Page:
Former Bibb superintendent pleads guilty; county official accused of bribery
MACON, Georgia (41NBC/WMGT) – Bibb County’s Industrial Authority Chairman is facing jail time for bribing former Bibb County Superintendent Romain Dallemand. Grand jurors indicted Cliffard Whitby Friday morning, two days after Dallemand plead guilty in a Florida courtroom for filing a false tax return.
Whitby stood shackled around the ankles and handcuffed inside federal court; he’s accused of paying Dallemand around $400,000 over the course of six years. His defense says they’ll “defend the charges vigorously.”
The indictment begins in 2011, Whitby, the Executive Director of Central Georgia Partnerships approached Dallemand, who was the Bibb superintendent, about a potential project, called Macon Promise Neighborhood (MPN). Dallemand rejected the idea. But sometime between 2011 and 2012, the indictment says Whitby and Dallemand met again – this time Whitby asked for $1 million per year for 10 years to fund the MPN. Whitby offered Dallamand $100,000 annually for 1o years. That bribe, according to the indictment, was for Dallemand’s “continued support” of the MPN. Dallemand allegedly took that bribe and in June 2012, the Bibb County Board of Education approved the project.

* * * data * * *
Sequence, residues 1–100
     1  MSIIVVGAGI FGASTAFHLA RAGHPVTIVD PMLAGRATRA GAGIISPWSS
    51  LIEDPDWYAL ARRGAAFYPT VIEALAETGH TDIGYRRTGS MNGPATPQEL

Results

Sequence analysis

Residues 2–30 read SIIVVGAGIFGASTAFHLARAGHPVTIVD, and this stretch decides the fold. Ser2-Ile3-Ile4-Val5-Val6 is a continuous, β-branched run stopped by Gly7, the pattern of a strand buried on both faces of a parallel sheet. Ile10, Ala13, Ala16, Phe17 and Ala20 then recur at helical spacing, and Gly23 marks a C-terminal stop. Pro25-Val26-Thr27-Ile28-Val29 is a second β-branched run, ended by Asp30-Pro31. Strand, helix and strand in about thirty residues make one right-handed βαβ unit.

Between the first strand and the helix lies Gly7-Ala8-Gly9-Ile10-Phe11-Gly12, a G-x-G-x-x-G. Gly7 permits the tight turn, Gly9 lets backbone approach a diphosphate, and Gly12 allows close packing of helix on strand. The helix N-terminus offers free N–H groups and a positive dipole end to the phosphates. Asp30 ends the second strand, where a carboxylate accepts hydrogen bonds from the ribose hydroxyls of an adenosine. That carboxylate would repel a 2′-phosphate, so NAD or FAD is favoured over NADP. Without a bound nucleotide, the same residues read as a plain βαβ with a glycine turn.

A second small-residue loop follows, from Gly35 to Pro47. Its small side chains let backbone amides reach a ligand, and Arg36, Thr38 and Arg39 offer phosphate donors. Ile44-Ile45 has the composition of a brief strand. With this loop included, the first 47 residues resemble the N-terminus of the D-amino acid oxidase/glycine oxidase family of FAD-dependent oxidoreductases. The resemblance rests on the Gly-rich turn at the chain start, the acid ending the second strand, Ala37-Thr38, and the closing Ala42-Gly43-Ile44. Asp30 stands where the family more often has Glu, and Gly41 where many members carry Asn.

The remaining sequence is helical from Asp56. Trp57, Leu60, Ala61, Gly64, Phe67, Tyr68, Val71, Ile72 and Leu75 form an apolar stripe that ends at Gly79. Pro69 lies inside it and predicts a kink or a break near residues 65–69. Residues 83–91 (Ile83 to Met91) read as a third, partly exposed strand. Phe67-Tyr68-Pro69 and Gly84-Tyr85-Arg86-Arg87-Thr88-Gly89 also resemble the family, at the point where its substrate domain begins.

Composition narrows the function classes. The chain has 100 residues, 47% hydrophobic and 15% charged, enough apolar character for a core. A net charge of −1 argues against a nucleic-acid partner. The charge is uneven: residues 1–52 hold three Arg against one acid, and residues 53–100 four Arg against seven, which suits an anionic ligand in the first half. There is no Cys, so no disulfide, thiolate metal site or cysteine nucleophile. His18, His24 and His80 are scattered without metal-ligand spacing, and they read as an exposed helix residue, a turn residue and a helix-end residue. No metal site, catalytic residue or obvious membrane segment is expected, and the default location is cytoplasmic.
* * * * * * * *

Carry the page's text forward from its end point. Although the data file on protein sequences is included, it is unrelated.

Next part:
Later that year, the Bibb County School District wrote a $1 million check to Whitby’s group, Central Georgia Partnerships.
Over the course of the next six years, the indictment accuses Whitby of paying Dallemand around $400,000 dollars on six different occasions. Most recently, on April 2, 2017, Whitby allegedly met Dallemand at a restaurant in south Georgia, and payed him $24,000 in cash.
Also facing bribery charges is 69-year-old Harold Knowles of Florida. He’s accused of being the middle-man and giving many of Whitby’s payments to Dallemand. Knowles allegedly used his business to launder money, and as the CEO of Pinnacle, began an agreement with Dallemand and the school district to provide computer software – which was never used. Whitby faces charges for laundering money as well.
According to a release from the United States Attorney for Middle Georgia, Dallemand faces up to three years in prison.
In 2014, Dallemand admitted under-reporting his income and over-reporting his deductions. He also failed to report an unauthorized payment of $100,000, which was intended to influence him to perform actions in his position of Superintendent.
Whitby is currently out on $1,500 bond. If found guilty, he faces up to 20 years in prison.
The 54-year-old Whitby is not allowed to leave Georgia or communicate with Dallemand.